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Students with IEPs and the One-to-One Aide Office of Special Programs West Virginia Department of Education Professional Development Workshop February.

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Presentation on theme: "Students with IEPs and the One-to-One Aide Office of Special Programs West Virginia Department of Education Professional Development Workshop February."— Presentation transcript:

1 Students with IEPs and the One-to-One Aide Office of Special Programs West Virginia Department of Education Professional Development Workshop February 2013

2 Today’s Reality  Increasing numbers of students with high-intensity needs (i.e., students with autism spectrum disorders, emotional/behavioral disorders, and multiple disabilities)  Increasing responsibilities of general education teachers with little or no support in the general education environment  Districts hiring aides in lieu of professional staff  Limited resources available to serve students in general education classrooms  Lack of availability of the continuum of service delivery options  Parent requests for 1:1 aides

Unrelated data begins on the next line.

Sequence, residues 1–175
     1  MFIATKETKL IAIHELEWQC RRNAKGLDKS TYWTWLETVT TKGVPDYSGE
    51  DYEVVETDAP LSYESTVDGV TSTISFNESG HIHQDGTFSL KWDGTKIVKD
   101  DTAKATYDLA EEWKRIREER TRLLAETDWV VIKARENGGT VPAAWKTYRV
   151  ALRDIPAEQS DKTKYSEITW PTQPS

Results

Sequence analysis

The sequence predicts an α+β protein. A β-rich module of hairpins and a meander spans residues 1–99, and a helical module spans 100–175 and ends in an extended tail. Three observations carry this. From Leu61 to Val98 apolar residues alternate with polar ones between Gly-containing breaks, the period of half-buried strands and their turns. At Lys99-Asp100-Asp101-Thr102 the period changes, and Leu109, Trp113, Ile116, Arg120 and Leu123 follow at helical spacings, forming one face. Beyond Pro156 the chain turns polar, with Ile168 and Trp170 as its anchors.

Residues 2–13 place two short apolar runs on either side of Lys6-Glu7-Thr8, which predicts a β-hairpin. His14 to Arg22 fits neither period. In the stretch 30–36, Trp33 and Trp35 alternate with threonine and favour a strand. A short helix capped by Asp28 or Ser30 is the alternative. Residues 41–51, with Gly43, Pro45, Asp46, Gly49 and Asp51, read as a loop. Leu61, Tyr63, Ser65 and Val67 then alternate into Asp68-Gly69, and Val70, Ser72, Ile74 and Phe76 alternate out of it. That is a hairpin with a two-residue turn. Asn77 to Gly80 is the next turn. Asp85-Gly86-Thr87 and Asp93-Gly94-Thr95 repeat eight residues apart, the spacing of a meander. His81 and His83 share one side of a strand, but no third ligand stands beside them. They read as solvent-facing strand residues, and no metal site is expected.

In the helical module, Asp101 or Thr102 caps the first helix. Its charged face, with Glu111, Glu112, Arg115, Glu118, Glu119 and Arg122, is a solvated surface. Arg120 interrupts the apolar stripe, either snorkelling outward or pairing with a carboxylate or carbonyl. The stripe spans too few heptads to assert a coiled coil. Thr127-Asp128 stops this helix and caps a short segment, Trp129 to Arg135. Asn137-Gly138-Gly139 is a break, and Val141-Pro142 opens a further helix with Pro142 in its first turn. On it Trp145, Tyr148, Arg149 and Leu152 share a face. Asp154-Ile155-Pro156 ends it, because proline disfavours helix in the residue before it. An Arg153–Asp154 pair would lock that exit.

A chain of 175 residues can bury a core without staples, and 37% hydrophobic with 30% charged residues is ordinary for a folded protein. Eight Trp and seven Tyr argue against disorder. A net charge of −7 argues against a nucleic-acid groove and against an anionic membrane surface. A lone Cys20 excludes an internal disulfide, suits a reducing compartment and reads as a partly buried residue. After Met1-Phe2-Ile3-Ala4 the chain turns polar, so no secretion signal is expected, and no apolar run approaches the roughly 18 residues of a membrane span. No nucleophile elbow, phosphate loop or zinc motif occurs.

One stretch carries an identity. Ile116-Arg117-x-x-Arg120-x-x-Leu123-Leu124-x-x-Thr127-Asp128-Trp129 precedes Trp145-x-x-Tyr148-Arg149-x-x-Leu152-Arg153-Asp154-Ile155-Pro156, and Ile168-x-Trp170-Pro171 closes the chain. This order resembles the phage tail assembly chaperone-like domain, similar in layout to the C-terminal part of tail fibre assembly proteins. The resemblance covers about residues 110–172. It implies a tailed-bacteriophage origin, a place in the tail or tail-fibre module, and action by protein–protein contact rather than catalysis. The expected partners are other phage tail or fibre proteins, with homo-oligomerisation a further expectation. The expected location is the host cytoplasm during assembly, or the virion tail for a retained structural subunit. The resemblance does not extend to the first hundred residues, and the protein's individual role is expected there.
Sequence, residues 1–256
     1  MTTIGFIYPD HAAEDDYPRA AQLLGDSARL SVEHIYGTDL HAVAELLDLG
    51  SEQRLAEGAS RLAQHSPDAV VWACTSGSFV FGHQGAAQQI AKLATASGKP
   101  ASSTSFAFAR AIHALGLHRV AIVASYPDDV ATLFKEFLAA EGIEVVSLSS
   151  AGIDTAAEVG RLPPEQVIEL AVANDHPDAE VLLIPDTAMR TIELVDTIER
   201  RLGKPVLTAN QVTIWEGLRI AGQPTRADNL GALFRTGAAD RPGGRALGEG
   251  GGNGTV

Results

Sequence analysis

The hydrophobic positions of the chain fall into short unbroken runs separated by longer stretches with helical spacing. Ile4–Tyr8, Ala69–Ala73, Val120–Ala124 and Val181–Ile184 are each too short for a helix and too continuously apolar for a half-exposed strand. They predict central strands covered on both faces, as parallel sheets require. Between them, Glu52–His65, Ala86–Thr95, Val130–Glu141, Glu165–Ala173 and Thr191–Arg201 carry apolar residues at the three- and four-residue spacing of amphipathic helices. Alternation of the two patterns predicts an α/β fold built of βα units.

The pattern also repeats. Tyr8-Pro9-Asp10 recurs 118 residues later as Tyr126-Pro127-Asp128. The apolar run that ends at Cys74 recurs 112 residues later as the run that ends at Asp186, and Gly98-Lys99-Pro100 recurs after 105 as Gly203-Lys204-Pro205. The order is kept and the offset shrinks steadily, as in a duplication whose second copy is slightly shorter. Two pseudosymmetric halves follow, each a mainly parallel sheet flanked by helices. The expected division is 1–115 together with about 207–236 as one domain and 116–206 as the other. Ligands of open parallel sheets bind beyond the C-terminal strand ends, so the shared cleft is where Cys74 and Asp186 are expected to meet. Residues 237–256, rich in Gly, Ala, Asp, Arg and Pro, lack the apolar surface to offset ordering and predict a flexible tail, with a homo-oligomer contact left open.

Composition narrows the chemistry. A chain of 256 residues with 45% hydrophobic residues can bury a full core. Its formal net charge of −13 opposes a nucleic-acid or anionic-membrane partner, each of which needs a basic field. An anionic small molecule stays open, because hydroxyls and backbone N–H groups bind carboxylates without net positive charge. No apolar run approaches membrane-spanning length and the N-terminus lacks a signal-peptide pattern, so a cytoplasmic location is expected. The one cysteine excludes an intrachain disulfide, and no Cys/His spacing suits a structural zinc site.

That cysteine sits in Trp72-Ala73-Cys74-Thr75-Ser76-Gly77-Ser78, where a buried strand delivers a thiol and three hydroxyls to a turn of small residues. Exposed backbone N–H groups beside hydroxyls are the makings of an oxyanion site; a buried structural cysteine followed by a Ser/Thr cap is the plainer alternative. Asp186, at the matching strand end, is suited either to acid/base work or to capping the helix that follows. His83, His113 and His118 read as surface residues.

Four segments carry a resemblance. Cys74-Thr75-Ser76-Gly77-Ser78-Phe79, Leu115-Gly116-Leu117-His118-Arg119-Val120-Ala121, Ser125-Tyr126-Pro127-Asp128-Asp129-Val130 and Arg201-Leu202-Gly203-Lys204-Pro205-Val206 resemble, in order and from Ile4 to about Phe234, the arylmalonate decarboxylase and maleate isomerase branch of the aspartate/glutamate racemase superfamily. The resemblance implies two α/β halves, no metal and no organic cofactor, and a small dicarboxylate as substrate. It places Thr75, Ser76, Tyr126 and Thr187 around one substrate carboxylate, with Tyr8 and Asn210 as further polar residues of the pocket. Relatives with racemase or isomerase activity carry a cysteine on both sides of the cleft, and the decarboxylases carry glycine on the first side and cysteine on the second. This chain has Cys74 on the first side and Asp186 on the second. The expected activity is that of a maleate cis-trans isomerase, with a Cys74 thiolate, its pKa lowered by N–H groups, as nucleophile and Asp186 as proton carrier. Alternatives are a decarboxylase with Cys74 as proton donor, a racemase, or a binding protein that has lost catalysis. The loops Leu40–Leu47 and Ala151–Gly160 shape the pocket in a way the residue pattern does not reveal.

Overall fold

3 Who Needs What?  Some students need individual assistance for all or part of the day for academic, behavioral, social-emotional or physical support  General education teachers need support and assistance to implement specially designed instruction for some students  Parents need to be assured their children are safe in the school environment and are making progress toward IEP goals and objectives  All students need to become independent learners

4 However... for some students, individual support is critical for their educational progress!

5 Entitlements to Students with Disabilities Each student’s IEP must describe the special education and related services, supplementary aids and services, and program modifications or supports for school personnel that will be provided to or on behalf of the student to enable the student to: – advance appropriately toward attaining the annual goals; – be involved in and make progress in the general education curriculum; – have an equitable opportunity to participate in extracurricular and other nonacademic activities; and – be educated and participate with other students with and without disabilities in the least restrictive environment (LRE).